So we’ll see as we go. I think the single largest tailwind that we could experience is just reduction of incentives. As you know, we’re not really an incentive-based company. We’ve been playing that game for a while in the face of these higher interest rates in order to generate affordability for our buyers. But us along with most people don’t think these rates are here to stay for the long-term. And although they may not reach the low levels that they once were at, there’s a fairly sizable margin pickup that could be gained just from seeing that go away. So those are the – I guess, my high-level thoughts on that margin question. As far as option lot strategy, we’re not seeing much change internally from a margin point of view on that side of things.

We’ll take the option lots if they’re out there and available. If they’re not, we’re pretty focused on just expanding community count and developing our own lots as we go. So we’ll see how that shakes out. But overall, pretty pleased with margins. Very pleased with the expansion and the sustained higher level that we’ve been experiencing in the last few years. And hopefully, we can build upon those in the future.

Operator: And the next question comes from the line of Matthew Bouley with Barclays. Please proceed with your question.

Anika Dholakia: Good evening. You have Anika Dholakia on for Matt today. Thanks for taking my questions. So first off, I think you said that build times are now at around five months, which is within your target historic four to five range. Just wondering if this is still the target range or maybe if there’s further to push on this and then what levers you’re taking to get there? Thanks.

Jeffrey Mezger: Rob?

Robert McGibney: So yes, we’re at five months. Not satisfied with five months. We’ve been faster than that in the past. We’ve talked about a range of four to five months. We’ve had many businesses that have built in faster than four months. So we’re not going to take our foot off the gas on that. I think there are still opportunities out there. We have some divisions that are performing much better than others, so that’s an opportunity to kind of get the underperforming divisions aligned with the better performing ones but also proactive things that we’re doing and we’ve been talking about for several quarters like simplifying our product and building in a cadence, driving cost out, just an overall simpler formula. That combined with really things getting back in rhythm with the supply chain now being much more stable, the systems, the processes that we’ve used for years are working as they should.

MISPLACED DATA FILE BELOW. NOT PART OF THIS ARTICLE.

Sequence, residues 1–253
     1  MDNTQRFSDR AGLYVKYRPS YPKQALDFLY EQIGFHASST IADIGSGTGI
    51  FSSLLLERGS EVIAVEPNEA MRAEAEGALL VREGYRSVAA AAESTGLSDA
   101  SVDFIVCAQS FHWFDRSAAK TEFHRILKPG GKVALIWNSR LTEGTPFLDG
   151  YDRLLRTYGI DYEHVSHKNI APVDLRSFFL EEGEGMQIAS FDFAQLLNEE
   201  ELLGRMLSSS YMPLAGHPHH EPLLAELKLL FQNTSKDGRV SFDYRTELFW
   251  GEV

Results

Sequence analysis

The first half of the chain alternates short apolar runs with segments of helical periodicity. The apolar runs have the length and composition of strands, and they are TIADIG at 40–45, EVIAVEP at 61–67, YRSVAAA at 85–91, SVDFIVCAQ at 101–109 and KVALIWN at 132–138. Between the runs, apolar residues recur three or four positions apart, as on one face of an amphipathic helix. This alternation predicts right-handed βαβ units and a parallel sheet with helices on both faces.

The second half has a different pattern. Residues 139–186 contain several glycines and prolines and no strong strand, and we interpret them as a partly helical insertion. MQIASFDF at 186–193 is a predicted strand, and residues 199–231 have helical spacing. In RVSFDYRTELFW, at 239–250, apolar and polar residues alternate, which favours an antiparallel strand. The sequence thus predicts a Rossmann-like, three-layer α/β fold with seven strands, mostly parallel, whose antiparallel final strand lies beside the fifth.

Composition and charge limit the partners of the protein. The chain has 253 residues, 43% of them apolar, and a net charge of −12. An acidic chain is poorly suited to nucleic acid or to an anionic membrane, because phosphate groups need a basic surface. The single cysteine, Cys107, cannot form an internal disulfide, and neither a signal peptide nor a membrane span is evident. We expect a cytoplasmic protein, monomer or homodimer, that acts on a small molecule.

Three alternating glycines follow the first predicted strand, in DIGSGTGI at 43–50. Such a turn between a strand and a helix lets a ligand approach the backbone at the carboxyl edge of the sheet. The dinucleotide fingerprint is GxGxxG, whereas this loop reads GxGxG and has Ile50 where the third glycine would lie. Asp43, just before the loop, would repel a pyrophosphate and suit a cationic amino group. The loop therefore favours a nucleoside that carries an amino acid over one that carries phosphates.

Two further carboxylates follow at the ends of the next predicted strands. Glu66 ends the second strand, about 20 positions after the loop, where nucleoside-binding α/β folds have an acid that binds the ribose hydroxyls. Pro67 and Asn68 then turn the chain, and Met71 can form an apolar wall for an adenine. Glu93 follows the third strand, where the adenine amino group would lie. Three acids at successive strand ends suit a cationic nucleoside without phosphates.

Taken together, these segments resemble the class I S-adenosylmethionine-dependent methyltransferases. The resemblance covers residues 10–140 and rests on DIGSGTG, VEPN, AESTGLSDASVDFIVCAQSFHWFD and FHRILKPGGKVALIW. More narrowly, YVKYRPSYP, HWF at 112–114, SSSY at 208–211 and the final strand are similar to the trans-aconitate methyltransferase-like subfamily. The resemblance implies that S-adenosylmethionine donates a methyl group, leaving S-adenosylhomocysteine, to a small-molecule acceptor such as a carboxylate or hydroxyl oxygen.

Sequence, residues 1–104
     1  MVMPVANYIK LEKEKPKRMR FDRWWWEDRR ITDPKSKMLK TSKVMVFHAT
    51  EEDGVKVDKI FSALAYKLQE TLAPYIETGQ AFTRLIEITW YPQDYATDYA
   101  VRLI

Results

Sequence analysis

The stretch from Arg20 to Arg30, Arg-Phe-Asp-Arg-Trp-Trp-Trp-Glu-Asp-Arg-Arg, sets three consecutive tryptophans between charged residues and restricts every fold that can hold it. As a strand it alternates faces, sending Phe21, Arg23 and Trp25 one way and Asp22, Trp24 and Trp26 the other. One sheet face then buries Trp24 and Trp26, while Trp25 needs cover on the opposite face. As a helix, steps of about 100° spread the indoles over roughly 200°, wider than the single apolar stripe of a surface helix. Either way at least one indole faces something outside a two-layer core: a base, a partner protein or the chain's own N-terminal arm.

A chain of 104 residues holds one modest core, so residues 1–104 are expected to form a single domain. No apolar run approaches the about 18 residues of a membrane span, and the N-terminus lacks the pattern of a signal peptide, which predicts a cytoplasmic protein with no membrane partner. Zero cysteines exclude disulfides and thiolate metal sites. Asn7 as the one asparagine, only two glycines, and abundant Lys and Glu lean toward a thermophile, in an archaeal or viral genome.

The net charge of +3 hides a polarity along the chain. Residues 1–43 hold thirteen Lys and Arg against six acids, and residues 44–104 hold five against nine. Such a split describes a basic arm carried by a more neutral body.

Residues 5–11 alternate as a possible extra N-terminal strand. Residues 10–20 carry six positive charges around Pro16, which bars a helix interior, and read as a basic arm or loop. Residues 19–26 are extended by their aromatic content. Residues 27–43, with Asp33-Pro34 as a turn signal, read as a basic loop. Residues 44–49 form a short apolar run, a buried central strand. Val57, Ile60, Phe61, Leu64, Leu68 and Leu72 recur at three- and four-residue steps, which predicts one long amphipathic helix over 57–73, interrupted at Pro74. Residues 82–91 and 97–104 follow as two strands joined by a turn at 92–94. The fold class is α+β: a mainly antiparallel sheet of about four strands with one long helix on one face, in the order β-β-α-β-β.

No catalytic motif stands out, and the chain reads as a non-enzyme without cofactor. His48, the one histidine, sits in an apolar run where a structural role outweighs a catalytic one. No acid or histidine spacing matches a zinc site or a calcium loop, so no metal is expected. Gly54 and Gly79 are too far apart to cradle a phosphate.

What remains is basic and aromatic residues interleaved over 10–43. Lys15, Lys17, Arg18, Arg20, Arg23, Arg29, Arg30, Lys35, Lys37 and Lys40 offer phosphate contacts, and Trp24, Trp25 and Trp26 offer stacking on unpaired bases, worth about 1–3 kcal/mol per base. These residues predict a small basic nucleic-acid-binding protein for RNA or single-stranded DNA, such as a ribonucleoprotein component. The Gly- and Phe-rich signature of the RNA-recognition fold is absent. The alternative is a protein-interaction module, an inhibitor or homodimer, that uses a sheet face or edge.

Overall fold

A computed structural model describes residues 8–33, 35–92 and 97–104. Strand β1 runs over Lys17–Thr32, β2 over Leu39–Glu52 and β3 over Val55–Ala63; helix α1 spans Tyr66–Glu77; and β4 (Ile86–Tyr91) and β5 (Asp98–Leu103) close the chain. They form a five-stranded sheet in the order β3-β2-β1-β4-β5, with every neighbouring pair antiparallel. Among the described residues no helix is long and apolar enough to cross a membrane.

And I think that’s going to create additional opportunities for us to keep driving build times down and reap the benefits that, that provides for our business.

Anika Dholakia: Got it. Super helpful. Thanks. And then my second question, you guys talked about the resiliency in buyer demand. I guess, more specifically, what trends are you maybe seeing in consumers utilizing the Design Studio and like around options and upgrades? Any thoughts on that would be helpful? Thanks.

Jeffrey Mezger: It’s very interesting, and it’s why we always like to share the credit profile of the buyers. When you think we’re 50% first time and the average income is over $130,000 and they’re putting $77,000 down with a high FICO, it’s a very well-heeled first-time buyer. Having said that, the size of the homes has not moved much for many quarters, and the studio spend has been very consistent. What they’re selecting in the studio can move around some, but the dollars that they’re spending in the studio has been pretty consistent for the last eight to 12 quarters. So not seeing really any change in consumer preference even with the higher prices that we’ve been operating at.

Operator: Thank you. Our next question comes from the line of Alan Ratner with Zelman & Associates. Please proceed with your question.